The ore deposits of the canyon seemed promising, but were largely a waste. Prospectors traveled from far and wide, making their way west with news of the Gold Rush. Some stopped by the canyon to investigate, seeing if there was untapped potential. While it is true that there are lead, copper, and asbestos are all present in the canyon, water is too scarce and the minerals are too deep in the canyon to make extraction and shipment worthwhile. After the designation of the Grand Canyon as a national park, almost all mining claims had to be dropped anyway. A new resurgence occurred from the 50s through the 70s when uranium ore was found in breccia pipes throughout the canyon. Prospectors scrambled to harvest the ore legally and illegally. As of the end of the 2000s, thousands of mines are scattered across public and tribal lands. The Secretary of the Interior put a ban on creating new uranium mines on a million surrounding acres of the canyon. This was to study potential impacts the mines have on the ecosystem. Studies have shown the mining can cause radioactive elements and toxic heavy metals to pollute the air and grass that the cattle then ingest. Animal byproducts are then contaminated. Cancer rates of native peoples are highly disproportionate to general cancer rates and 60-80% of uranium mines are located on tribal lands.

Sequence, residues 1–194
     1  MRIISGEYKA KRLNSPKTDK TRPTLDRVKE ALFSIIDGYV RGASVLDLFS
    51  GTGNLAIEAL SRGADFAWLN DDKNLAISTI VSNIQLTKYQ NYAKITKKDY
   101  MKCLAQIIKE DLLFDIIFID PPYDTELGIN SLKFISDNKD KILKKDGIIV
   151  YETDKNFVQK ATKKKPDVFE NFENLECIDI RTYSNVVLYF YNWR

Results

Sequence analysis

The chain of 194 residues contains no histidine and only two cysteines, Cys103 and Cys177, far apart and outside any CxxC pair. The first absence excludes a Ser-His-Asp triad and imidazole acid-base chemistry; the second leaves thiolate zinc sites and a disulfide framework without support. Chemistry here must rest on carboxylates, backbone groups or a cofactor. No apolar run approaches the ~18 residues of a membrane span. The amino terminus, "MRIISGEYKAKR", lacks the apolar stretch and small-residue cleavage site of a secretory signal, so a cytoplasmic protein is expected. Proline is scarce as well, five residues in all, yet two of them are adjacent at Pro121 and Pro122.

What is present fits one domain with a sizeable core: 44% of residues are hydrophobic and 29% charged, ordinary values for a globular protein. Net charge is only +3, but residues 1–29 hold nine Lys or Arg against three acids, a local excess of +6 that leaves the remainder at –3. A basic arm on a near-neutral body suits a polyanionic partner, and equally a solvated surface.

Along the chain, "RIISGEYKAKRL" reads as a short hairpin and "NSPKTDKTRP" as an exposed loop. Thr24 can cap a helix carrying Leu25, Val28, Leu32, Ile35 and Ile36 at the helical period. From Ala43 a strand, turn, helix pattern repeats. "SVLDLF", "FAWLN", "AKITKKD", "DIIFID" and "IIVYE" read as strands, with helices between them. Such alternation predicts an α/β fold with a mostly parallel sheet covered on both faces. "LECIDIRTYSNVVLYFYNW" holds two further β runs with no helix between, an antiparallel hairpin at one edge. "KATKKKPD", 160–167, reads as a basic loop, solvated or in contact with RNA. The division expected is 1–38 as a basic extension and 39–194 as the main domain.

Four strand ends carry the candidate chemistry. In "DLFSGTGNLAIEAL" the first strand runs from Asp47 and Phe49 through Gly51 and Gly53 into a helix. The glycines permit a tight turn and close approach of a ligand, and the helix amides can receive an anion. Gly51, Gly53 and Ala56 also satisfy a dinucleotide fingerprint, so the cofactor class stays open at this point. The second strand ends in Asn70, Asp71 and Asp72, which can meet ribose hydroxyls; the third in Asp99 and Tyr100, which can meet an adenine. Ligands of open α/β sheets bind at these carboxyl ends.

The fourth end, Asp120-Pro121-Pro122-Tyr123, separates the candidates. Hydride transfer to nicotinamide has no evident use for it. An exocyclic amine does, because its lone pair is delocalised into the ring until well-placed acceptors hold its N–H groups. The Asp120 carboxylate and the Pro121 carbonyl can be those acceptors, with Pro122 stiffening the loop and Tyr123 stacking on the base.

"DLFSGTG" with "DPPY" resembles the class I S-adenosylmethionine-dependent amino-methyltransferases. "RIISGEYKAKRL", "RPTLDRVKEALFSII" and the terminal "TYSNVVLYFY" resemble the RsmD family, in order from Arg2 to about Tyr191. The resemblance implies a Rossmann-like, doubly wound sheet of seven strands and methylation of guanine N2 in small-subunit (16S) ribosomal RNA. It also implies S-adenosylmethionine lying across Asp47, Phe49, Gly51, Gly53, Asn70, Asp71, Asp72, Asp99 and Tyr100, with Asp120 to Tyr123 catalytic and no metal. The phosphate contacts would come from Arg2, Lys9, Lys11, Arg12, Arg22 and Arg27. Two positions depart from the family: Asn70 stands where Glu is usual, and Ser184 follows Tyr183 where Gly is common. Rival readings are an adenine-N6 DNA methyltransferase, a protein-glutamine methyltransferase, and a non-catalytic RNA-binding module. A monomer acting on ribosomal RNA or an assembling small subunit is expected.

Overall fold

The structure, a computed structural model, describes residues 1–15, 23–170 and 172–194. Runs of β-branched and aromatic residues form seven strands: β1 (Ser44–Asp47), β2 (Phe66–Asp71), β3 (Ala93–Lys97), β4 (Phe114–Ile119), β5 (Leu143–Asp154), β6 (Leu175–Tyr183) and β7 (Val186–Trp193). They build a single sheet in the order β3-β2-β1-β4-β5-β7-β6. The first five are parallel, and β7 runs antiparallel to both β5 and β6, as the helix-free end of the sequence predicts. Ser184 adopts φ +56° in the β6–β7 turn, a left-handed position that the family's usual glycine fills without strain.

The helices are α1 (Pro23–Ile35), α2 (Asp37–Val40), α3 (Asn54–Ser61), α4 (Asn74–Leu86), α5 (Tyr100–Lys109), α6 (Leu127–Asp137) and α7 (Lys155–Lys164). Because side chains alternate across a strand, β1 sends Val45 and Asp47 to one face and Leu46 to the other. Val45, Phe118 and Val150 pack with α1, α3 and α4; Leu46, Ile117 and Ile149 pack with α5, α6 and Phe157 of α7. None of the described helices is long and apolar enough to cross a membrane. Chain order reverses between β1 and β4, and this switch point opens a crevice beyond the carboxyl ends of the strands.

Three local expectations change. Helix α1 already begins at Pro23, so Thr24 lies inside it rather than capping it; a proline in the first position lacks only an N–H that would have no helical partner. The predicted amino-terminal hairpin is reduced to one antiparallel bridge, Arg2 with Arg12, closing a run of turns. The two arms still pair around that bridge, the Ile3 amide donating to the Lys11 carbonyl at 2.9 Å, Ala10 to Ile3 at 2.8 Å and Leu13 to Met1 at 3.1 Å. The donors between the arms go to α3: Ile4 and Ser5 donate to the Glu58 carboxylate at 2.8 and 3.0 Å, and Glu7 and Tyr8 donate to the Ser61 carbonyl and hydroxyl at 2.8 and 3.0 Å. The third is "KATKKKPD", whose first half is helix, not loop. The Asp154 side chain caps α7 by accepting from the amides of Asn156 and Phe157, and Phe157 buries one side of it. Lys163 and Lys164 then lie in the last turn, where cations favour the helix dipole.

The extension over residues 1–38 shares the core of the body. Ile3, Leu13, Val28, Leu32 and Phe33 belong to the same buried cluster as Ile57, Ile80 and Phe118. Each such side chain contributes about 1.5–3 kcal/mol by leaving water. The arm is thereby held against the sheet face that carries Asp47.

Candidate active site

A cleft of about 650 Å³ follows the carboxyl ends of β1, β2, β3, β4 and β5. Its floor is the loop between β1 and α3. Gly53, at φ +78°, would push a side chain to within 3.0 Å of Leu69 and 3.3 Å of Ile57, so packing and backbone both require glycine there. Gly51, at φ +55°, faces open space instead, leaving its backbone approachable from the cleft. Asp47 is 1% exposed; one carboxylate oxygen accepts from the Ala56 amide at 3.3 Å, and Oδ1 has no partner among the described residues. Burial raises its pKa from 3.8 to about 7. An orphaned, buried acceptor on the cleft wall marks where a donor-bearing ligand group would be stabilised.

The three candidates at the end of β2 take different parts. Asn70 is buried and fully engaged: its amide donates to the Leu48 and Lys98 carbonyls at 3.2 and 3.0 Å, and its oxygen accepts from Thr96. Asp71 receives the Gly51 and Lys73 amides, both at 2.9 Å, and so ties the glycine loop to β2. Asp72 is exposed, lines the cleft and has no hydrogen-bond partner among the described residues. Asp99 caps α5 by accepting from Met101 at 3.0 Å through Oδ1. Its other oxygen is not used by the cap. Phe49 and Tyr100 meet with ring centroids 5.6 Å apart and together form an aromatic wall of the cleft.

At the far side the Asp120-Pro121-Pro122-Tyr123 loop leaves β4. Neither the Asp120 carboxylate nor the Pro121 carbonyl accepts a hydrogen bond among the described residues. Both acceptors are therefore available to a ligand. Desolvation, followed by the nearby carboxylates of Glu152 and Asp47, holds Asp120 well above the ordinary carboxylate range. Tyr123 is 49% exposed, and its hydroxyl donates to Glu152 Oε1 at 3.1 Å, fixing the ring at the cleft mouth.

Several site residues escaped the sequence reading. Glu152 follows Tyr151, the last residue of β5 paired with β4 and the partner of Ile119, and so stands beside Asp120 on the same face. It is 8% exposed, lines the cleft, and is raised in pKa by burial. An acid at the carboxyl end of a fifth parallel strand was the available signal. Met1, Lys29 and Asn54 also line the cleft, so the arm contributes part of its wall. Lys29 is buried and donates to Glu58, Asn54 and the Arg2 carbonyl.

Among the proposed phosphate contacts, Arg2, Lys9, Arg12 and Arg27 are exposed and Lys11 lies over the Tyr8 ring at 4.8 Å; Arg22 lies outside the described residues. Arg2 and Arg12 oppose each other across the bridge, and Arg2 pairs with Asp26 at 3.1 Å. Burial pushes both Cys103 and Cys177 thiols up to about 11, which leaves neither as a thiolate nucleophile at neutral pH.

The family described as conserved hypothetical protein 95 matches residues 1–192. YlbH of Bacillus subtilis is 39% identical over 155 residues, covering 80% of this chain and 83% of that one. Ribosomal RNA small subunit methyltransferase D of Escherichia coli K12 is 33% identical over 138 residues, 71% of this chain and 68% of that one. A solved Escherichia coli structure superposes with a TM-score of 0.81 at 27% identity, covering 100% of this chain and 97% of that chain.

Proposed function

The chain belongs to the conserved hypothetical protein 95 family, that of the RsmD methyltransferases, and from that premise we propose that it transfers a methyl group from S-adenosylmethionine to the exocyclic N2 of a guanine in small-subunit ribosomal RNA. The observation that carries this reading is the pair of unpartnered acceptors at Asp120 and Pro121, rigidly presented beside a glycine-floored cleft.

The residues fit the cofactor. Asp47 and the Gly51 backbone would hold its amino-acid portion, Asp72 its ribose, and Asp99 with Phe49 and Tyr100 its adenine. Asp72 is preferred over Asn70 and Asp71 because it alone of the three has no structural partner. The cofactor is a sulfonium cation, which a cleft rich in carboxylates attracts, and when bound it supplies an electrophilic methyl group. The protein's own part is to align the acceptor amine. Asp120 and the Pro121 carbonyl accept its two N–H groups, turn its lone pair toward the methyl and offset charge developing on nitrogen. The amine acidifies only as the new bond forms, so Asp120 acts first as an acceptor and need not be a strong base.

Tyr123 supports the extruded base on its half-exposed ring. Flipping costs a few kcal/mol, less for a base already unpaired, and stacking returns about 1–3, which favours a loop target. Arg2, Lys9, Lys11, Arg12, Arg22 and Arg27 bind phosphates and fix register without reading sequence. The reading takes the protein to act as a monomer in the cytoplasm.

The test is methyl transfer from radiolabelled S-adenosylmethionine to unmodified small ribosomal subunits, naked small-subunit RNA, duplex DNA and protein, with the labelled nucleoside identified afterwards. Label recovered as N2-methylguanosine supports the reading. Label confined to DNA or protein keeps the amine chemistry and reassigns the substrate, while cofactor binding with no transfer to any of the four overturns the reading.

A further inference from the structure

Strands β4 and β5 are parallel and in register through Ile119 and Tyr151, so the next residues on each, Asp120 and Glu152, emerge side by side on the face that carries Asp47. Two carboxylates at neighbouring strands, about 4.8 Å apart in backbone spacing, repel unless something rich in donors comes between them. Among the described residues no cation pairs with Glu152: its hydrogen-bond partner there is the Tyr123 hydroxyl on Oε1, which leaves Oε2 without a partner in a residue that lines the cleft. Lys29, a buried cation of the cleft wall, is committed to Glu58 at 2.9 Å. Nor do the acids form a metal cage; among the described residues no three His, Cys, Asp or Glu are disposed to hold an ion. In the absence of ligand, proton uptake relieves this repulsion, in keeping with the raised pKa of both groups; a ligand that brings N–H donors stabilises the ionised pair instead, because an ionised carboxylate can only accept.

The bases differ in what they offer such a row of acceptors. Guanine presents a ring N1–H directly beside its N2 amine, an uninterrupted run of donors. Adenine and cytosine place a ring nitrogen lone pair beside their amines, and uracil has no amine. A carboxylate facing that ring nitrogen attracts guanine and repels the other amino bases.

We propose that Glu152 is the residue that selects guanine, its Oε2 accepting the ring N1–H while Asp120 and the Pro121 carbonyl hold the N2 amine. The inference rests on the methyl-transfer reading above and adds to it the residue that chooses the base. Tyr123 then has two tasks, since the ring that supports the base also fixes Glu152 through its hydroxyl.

Cookhouse at Last Chance Mine, Grand Canyon
Arizona Historical Society / Flagstaff AHS.0743.00011
Orphan Mine, south rim of the Grand Canyon
Emery Kolb Collection NAU.PH.568.4664